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    $\begingroup$ Well, it has happened to me that I was unable to decide which answer to accept and to finally accept at random. $\endgroup$ – user23211 May 25 '12 at 18:21
  • $\begingroup$ @ymar Try not to accept at random. Remember that you are responsible of the answer you accept, because future visitors will also rely on that. :) $\endgroup$ – Alenanno May 25 '12 at 18:23
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    $\begingroup$ I did try. It's not true that mathematical problems always have one solution. Also, some questions are manifold and it may happen that one answer contains the solution to one part of the question and another answer to another part. It's difficult to decide in some cases. $\endgroup$ – user23211 May 25 '12 at 18:28
  • $\begingroup$ @ymar Ok, but the solutions are quite limited. If the answers are not complete, comment and ask them to improve their answers. You're not forced to accept if the answers don't satisfy you. $\endgroup$ – Alenanno May 25 '12 at 18:31
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    $\begingroup$ It may not be possible for them to improve the answers if they don't know how to do it. I don't think there's anything wrong about partial answers. When I have two answers that complement each other to give me a full solution to my problem, I'm happy with it. It doesn't seem right to ask one of the answerers to copy the other answer and put it in theirs to make it complete. $\endgroup$ – user23211 May 25 '12 at 18:36
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    $\begingroup$ In that case you can also ask them both permission to get the content into a CW answer, attribute it properly (inviting to upvote those answers too) and then accept it to show the complete solution. This is one of the few cases where the CW is a very good solution. $\endgroup$ – Alenanno May 25 '12 at 18:46
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    $\begingroup$ That seems like too much trouble. If the answers are already there and are reasonably formed, the benefits of such an action (although obvious) would not outweigh the necessary effort. We're all volunteers here. I try to do my best to make my questions and answers good. It often takes me more than an hour to compose a post. I don't think I have the motivation necessary to merge two different answers, which may use different notation and be on different levels on generality into one. $\endgroup$ – user23211 May 25 '12 at 18:55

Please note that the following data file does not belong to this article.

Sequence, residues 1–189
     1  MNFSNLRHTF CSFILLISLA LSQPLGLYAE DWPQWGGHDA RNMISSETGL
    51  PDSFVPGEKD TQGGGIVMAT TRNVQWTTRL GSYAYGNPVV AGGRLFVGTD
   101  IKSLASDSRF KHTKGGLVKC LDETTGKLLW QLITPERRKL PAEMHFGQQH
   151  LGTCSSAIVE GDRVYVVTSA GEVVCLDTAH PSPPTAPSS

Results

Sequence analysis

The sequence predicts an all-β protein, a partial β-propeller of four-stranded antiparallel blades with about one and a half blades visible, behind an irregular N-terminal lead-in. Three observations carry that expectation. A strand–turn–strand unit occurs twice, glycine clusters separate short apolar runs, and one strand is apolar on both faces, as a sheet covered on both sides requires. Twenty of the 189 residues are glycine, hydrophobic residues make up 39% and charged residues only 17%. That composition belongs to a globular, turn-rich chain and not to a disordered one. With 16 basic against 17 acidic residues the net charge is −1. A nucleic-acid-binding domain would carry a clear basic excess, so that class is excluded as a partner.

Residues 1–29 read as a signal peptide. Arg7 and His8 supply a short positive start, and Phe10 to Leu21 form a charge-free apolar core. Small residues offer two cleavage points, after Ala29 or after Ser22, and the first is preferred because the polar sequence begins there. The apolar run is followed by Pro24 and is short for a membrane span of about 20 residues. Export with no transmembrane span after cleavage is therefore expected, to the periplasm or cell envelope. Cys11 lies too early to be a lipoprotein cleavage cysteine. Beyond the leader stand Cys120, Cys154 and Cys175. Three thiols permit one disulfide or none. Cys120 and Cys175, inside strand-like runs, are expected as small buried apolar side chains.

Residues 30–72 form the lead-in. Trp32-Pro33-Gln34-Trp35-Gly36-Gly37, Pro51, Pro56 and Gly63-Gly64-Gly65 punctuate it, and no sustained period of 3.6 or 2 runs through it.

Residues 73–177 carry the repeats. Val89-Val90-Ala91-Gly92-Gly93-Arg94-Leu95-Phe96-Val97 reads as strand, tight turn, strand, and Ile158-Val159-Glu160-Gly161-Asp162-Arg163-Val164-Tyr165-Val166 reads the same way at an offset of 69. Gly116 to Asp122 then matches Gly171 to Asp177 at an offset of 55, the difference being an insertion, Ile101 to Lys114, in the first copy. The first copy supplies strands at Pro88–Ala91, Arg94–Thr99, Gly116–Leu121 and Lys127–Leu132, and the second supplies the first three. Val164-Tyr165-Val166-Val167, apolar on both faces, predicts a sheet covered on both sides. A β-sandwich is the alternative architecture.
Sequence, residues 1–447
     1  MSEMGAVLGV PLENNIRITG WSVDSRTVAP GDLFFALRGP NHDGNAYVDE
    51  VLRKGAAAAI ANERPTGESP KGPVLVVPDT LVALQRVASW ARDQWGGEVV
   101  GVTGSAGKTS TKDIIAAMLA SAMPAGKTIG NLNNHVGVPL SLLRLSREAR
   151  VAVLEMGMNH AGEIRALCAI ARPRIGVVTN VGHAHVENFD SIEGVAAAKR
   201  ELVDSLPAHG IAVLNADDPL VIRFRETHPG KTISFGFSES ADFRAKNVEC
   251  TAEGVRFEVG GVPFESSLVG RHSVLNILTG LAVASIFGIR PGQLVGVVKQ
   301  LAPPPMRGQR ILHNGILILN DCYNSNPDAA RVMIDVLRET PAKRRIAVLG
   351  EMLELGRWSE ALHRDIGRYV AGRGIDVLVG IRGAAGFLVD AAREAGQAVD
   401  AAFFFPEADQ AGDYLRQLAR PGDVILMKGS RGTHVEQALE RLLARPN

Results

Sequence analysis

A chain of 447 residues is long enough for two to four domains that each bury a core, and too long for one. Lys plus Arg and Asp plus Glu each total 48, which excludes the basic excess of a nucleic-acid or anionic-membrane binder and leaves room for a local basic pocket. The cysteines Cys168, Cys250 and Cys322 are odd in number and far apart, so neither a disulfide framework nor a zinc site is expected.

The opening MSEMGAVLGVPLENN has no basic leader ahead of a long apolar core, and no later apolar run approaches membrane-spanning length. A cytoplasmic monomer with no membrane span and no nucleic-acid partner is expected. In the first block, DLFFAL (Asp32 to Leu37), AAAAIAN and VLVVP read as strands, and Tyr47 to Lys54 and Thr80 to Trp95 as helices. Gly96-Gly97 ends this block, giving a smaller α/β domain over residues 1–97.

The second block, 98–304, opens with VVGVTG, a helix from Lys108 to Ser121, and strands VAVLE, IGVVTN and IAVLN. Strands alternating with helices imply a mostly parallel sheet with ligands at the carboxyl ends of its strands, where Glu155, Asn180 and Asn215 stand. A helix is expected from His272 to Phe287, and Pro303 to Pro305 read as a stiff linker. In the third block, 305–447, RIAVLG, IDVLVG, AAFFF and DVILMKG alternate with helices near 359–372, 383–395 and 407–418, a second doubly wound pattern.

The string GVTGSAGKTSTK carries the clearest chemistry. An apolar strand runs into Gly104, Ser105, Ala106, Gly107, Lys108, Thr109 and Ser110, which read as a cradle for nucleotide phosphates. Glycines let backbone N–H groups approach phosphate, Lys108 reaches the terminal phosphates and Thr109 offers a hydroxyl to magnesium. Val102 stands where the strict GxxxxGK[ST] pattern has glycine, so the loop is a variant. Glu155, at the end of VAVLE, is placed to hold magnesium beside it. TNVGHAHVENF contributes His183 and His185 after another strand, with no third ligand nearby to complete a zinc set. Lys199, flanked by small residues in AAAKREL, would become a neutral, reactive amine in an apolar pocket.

• $\begingroup$ The benefits will outweigh the efforts but... what efforts? If the answers are good, all you need to do is copy-paste and fix here and there. You don't have to re-write it from the start; it won't take you an hour. $\endgroup$ – Alenanno May 25 '12 at 20:12
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    $\begingroup$ Copy-pasting and fixing here and there for the sole purpose of having an answer to accept doesn't seem a good idea to me at all. (1) It doesn't make sense to post the same text twice on the same page; (2) copy-pasting and fixing here and there is very unlikely to create a good post; (3) a self-accepted self-answer is not displayed as the first answer. What would make sense is creating an entirely new post incorporating the ideas from the partial answers in a logical way. But that, as I said, is not an action you can require users to take. $\endgroup$ – user23211 May 25 '12 at 20:29
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    $\begingroup$ Sorry but you're mistaken. It is a good idea. It's exactly what the Community Wiki is for: collaboration among users. The content is not simply posted twice, it's ri-elaborated into a single answer so future visitors don't need to explore the answers. You 're not forced to do it, it's a favor you do to other people. If the answers are good, the CW is going to be good too. That said, we can simply agree to disagree, we don't need to discuss this further, but I can assure you I know what I'm saying. Other mods will probably say the same thing. $\endgroup$ – Alenanno May 25 '12 at 20:59